Meditate under the Chevy Tree

It is told that the Buddha attained enlightenment by meditating under the Bodhi tree.  Here I invite you to seek the mindful path of the Chevy Tree.

Here’s my Chevy Tree mantra: Temp is good; fans are probably about to kick on. Idling smooth. Battery is charged. Speedometer needs to be lubricated; subtract roughly 10 from the speed shown due to larger tires. Not shown: Oil Pressure, which we assume is fine since I haven’t hooked it up.

What does it mean to be mindful?  The practice of mindfulness is the process of returning one’s attention to the present moment.  In this way, driving an old car is a perfect opportunity for practicing mindfulness.

The thing about old cars is that they pull you into the realities of driving, forcing you to attend to the present moment.  The pavement screams a little louder, the ground just seems closer.  Suddenly the gauges that you take for granted in your other cars seem to be constantly conveying important information that could change at any minute.

To be sure, the degree of mindfulness I have while driving my truck may have something to do with the fact that I put most of my truck together over the last 15 years.  I know myself, and I know that I am not a great mechanic.  Driving the truck then, is an act of some faith*.

*you should know something about cars though: Cars actually like to run. If they can run 20 miles without any trouble and sit and idle in traffic without overheating, smoking or stumbling, they can usually run much further. The little things that break, i.e. windshield wipers, window cranks, these are part of the adventure.

On the open road, the engine thrums the V8 chakra: oommmm  ommmmm ommmmm.  The windwings are open, buffeting you with cool wind.  The engine fans push the hot air from the engine bay into the cab (okay so this part of riding in my truck is just plain uncomfortable–more on this in a second).  To drive an old car is to be pulled into the present moment in a wonderful way, to be reminded of the physics involved in moving a two tons of Detroit Iron and glass down the highway.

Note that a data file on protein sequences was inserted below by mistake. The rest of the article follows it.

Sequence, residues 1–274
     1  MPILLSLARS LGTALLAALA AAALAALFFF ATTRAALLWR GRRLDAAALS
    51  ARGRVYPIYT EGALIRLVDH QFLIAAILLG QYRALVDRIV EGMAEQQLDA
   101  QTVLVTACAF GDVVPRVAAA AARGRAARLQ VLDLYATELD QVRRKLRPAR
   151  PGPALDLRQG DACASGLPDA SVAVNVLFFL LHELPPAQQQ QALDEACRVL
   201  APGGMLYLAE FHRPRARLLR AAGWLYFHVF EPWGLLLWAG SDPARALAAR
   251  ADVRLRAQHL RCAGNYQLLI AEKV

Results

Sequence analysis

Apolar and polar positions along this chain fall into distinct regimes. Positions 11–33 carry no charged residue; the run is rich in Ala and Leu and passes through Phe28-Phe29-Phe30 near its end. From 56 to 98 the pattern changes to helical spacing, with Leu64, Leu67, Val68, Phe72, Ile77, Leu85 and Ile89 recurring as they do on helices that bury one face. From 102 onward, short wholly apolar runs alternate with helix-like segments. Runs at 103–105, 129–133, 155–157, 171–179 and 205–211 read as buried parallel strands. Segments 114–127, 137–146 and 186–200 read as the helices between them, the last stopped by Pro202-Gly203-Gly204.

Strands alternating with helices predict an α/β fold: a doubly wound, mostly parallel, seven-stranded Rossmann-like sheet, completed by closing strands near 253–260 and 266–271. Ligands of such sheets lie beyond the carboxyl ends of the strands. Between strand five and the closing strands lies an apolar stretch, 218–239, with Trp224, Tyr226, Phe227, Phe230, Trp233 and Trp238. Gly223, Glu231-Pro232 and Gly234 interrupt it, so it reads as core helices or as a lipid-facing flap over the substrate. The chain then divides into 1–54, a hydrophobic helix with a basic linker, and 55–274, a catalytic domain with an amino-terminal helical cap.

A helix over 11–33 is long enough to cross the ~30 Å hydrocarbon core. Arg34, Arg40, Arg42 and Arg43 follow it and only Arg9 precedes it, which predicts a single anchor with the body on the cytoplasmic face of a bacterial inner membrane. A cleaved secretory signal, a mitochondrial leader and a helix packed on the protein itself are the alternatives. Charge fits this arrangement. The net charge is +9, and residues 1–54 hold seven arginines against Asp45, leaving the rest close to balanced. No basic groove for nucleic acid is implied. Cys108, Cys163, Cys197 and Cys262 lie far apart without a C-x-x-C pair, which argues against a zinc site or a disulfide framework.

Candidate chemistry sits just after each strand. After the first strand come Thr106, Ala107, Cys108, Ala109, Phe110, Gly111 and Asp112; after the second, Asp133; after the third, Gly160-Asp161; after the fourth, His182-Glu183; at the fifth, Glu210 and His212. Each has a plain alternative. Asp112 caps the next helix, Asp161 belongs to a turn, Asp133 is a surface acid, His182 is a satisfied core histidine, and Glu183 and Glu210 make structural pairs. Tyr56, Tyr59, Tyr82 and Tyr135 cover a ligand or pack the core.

The Chevy Tree is a great place for mindfulness practice because it naturally draws its riders into its presence.  It is amazing to watch people interact with the truck for the first time.  Most aspects/features of the truck are present on newer cars, but the way it was engineered represents a different way of solving problems that we don’t see in modern cars.  The first time people interact with the truck, they notice the chrome door handles feel cold and heavy in a way that the newer plastic ones do not.  The dash is covered in knobs–which I contend are a better design choice than buttons–that have a pleasant analog feel to them  The dash is a flat, steel panel, barren except for essentials: heat, defrost, radio, gauges, glove box.  Wires and controls hang below it like spaghetti, inviting your gaze to see how moving the heater controls actually moves levers and cables to change the flow of heated air into the cab.  When people first get into the truck, they touch everything–nobody does this in my Honda.  There is an excitedness, an enthusiasm for the present moment to see things for the first time–things that every car has, but are presented in a novel way where they are not taken for granted.